Martin Breheny: CPA is damaging its own cause
Club players' group trying to run before it has learned how to walk
The first rule of getting change is to ask. If that doesn't work, persuasion becomes the next tactic and, if it fails, confrontation moves onto the agenda.
Diplomacy and patience are very important in steps one and two, especially when those seeking change are new to the scene, as is the case with the Club Players' Association (CPA), which is a mere 16 days old.
It got a fair wind after its launch last Monday fortnight, which was always going to be the case since its basic aim is to force a better fixtures programme for club players. Nobody in the GAA could possibly disagree with that admirable ambition or with the claim that many - although not all - club players get a rotten deal.
The reasons for that are many and varied, although most come down to poor organisation by county boards. Why clubs, who are in a position to dictate to county boards, haven't sorted it out remains something of a mystery. Still, since the problem has persisted for a long time, it's fair to assume little will change unless the drive comes from elsewhere.
That's why the launch of the CPA was so warmly welcomed by club players everywhere. Nor were there dissenting voices from the GAA's top power-brokers.
Indeed, they probably welcome the initiative, since it strengthens their hand in promoting adjustments which improves the balance between club and county activity.
Páraic Duffy has been a prominent advocate for that over many years, including before taking over as director-general. His proposals haven't always got the required levels of support at Congress or Central Council but he certainly can't be accused of not fighting the club cause.
That's what makes the CPA's intervention this week so ill-advised. In fact, it may have set the organisation back a very long way.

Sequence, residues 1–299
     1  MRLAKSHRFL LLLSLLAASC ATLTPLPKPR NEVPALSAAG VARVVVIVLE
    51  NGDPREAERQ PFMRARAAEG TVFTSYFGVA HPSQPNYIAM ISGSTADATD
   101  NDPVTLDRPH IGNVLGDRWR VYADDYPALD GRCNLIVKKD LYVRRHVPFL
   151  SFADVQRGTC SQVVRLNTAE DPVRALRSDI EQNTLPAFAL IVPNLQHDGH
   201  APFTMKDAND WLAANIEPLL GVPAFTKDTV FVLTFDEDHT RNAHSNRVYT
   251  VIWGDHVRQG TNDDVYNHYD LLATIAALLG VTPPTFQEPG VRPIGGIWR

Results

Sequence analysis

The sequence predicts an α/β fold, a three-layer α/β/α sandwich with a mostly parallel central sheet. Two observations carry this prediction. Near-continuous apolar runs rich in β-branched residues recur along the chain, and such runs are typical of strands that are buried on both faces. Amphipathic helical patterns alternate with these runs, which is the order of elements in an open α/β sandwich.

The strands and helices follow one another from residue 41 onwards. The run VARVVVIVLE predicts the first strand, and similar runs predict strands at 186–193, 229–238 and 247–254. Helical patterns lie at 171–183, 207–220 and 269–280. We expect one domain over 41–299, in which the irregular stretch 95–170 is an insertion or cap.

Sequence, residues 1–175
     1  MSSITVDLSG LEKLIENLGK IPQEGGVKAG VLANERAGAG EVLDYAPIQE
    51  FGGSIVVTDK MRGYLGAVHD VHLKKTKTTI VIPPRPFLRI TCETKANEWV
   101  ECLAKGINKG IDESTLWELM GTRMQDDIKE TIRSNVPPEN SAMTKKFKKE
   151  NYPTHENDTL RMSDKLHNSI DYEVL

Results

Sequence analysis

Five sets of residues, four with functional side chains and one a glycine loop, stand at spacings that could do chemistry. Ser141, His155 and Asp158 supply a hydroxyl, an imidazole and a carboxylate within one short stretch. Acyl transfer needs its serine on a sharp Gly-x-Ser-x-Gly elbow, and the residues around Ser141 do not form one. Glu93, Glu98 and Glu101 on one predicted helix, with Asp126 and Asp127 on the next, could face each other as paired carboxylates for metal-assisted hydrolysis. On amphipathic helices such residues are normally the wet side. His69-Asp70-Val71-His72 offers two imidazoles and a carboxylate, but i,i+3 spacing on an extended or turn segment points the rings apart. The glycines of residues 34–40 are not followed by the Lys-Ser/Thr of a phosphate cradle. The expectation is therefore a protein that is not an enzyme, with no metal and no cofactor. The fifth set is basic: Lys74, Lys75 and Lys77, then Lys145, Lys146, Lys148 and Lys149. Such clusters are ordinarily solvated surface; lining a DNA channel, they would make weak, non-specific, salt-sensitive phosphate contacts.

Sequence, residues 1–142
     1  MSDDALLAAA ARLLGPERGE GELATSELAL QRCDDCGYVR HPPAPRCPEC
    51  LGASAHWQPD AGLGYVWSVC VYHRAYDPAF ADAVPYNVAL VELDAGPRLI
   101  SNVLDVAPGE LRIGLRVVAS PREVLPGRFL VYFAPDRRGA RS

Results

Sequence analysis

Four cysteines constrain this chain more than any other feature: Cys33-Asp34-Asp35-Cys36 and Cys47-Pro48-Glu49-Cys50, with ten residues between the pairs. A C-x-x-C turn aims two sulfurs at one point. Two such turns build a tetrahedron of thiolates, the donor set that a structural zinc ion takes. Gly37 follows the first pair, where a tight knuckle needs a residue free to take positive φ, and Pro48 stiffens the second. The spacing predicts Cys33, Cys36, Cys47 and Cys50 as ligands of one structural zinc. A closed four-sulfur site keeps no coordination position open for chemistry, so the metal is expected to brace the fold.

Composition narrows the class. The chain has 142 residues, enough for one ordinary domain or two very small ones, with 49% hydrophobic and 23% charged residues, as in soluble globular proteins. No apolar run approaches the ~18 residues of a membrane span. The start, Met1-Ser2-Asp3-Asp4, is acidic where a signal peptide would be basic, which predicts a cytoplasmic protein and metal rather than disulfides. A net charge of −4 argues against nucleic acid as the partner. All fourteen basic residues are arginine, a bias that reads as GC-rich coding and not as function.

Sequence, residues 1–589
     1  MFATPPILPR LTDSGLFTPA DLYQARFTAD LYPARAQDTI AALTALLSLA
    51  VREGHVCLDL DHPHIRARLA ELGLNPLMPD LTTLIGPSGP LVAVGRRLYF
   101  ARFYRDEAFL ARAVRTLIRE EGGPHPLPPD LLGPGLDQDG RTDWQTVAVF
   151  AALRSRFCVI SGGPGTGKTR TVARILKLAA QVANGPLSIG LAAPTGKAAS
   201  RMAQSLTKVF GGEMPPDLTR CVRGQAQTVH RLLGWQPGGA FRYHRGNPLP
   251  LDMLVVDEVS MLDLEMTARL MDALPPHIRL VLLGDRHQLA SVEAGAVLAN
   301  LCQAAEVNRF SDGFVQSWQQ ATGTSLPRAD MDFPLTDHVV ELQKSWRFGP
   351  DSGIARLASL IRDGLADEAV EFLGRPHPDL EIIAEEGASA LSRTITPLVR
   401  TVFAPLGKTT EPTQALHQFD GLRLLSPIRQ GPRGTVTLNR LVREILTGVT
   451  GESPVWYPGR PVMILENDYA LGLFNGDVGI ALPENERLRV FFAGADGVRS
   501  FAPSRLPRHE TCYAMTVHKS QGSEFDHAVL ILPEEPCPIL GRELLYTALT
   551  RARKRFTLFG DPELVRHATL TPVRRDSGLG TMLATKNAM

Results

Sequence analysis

On Monday, the CPA called for three things: Congress to grant them official recognition next month; Duffy to withdraw proposals for change to the concluding stages of the All-Ireland football championship and the establishment of a 'fixtures think tank'.
I held the view all along that it was unlikely the CPA would be granted official recognition as early as next month - now I'm convinced it has absolutely no chance. Groups within any organisation - sporting or otherwise - usually have to wait a lot longer than seven weeks to be officially accepted into the fold. And while the CPA can argue that they are carrying wronged players in their arms, it doesn't mean that everyone thinks a place should be set for them so quickly at the top table.
What if supporters formed an association demanding cheaper admission? What if team managers banded together? What if other interest groups made a case? Would they be entitled to formal representation? Where does it end?
Given the legitimate case the CPA espouse, they would have a much better chance than most of fast-tracking their cause at Congress. However, that was before Monday's call to Duffy to "park his proposals, pending proper consultation".
The statement then went on to outline how it couldn't back Duffy's plan (what about consultation?) while also calling on county boards to vote for their official recognition.
It was megaphone diplomacy at its most damaging when quiet persuasion would be far more effective at this early stage. Also, Duffy doesn't have the power to accede to the CPA's request.
While he devised the proposals, they would not be on the Congress agenda without the support of Central Council, in whose name the motion will appear. Only Central Council can withdraw the proposal and how likely is that?
Does the CPA believe that a few weeks after their launch and even before they are officially recognised, Central Council will reach for the black marker and scrap their own Congress motion? Many people have misgivings over the Duffy plan but that's no reason to zap it before Congress gets an opportunity to debate all the points. Ironically, it shares a CPA desire to bring forward the dates of the All-Ireland finals, albeit not by as many weeks, in order to leave more room for club games.
The CPA says that over 15,000 club players have registered for membership so far, which underlines the support the fledgling organisation is gathering.
However, if it's to be really successful, it needs to manage its mandate carefully. This week's stance may be no more than an early outbreak of exuberance, which will calm down as the organisation beds in. However, unfortunately for the CPA, it has probably delayed a process which they insist cannot wait.